I wish I could be more specific.  Your last point is very likely correct in that at least some of the ash is going to be spent char.

Sorry I cannot be more specific,

Eric
 
Priscilla Stilwell
Posts: 264
Location: Haiti
21
forest garden rabbit greening the desert
  • Likes 1
  • Mark post as helpful
  • send pies
  • Quote
  • Report post to moderator
No problem. I'm just speculating :)
 
master pollinator
Posts: 1514
Location: Big Island, Hawaii (2300' elevation, 60" avg. annual rainfall, temp range 55-80 degrees F)
496
forest garden rabbit tiny house books solar woodworking
  • Mark post as helpful
  • send pies
  • Quote
  • Report post to moderator
Even leached ash has value. Keep in mind that ash is the non oxidized residue of organic material. And there are a number of minerals that don't oxidize off, escaping in the fumes. Plants incorporate small amounts of  minerals, some vital to the plant. By using leached ash, you will be putting those micro-nutrients back into the soil. So I wouldn't discard leached ash. I would gradually incorporate it into my garden soil.
 
Priscilla Stilwell
Posts: 264
Location: Haiti
21
forest garden rabbit greening the desert
  • Mark post as helpful
  • send pies
  • Quote
  • Report post to moderator
Yes, I'm using it, mixed with my other like-textured amendments like goat manure and compost. I was just curious about the actual makeup and whether it would act at all similar to charcoal once the potassium is mostly leached out.
 
Posts: 17
Location: Spokane, WA
1
  • Mark post as helpful
  • send pies
  • Quote
  • Report post to moderator

Priscilla Stilwell wrote:... fresh wood ash consists of a large amount of potassium, and that the potassium leaches out when it rains. ...



Note the term "spent lime" as used in this 2004 paper on CA Apple storage:  
http://nyshs.org/wp-content/uploads/2016/10/Carbon-Dioxide-Control-in-Apple-CA-Storages-Using-Hydrated-Lime.pdf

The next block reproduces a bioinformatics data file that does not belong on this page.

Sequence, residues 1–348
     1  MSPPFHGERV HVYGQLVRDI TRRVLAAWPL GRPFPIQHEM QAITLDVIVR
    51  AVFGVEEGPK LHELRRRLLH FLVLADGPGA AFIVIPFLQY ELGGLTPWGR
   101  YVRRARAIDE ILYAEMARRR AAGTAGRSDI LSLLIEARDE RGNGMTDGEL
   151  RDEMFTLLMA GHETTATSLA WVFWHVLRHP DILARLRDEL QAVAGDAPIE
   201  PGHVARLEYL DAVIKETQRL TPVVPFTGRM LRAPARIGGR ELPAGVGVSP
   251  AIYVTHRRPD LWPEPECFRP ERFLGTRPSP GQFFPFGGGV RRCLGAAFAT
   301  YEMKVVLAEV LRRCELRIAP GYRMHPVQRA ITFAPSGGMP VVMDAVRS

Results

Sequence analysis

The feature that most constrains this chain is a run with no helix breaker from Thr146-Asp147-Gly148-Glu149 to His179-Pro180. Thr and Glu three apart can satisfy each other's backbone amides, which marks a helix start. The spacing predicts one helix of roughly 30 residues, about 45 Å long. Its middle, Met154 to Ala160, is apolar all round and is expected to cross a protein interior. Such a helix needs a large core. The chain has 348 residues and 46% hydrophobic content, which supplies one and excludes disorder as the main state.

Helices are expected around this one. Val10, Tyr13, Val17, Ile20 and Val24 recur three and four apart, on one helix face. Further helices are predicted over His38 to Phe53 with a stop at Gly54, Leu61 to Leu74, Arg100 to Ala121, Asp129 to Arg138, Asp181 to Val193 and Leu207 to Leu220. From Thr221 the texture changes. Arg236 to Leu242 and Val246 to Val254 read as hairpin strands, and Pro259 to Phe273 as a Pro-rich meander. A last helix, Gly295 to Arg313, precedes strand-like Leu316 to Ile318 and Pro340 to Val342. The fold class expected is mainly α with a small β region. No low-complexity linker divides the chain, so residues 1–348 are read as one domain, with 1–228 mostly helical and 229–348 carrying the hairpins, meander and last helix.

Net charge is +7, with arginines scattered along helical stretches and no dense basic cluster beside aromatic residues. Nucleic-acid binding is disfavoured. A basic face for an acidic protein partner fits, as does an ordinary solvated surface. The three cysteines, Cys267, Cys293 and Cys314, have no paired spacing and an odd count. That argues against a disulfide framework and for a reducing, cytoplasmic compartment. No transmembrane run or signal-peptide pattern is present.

I believe the term "spent ash", like the term "spent lime" in the linked article, means the causticity has been neutralized, typically by a natural aging process whereby OH and O oxides of calcium and magnesium (and in the case of spent ash, potassium) convert to CO carbonates on exposure to atmospheric humidity and carbon dioxide. Another term that applies is mineral carbon fixation, in that atmospheric carbon is removed in the "spending" process. You can make soap using fresh ash (pH 12 or more) in place of lye, but you can't use spent ash (pH 9 or less) because the original fresh kilned causticity has been partly neutralized.

Spent ash stored outside is likely to lose potassium (K) to leaching prior to losing calcium and magnesium. At pH 9 potassium carbonate is soluble in water, calcium and magnesium carbonate is only slightly soluble. As ash pH decreases further with time, calcium (Ca) and magnesium (Mg) become more readily soluble. Among the other mineral nutrients, you can expect P, Fe, and Mn to resist leaching, and expect B, Cl, and S to be more like K: susceptible to leaching loss during storage.

edit: corrected term
 
Priscilla Stilwell
Posts: 264
Location: Haiti
21
forest garden rabbit greening the desert
  • Mark post as helpful
  • send pies
  • Quote
  • Report post to moderator
That's essentially what I was hoping for. It would, in theory, be less prone to burning plants or having other averse side effects. It seems spent ash is quite easy to come by here since every house cooks over wood or charcoal. The ash is dumped in a pile and left for the most part. I was hoping to have some positive uses for the stuff in the garden other than essentially just a filler.
 
We noticed he had no friends. So we gave him this tiny ad:
September-October Homestead Skills Jamboree 2019
https://permies.com/wiki/118704/permaculture-projects/September-October-Homestead-Skills-Jamboree
  • Post Reply Bookmark Topic Watch Topic
  • New Topic
Boost this thread!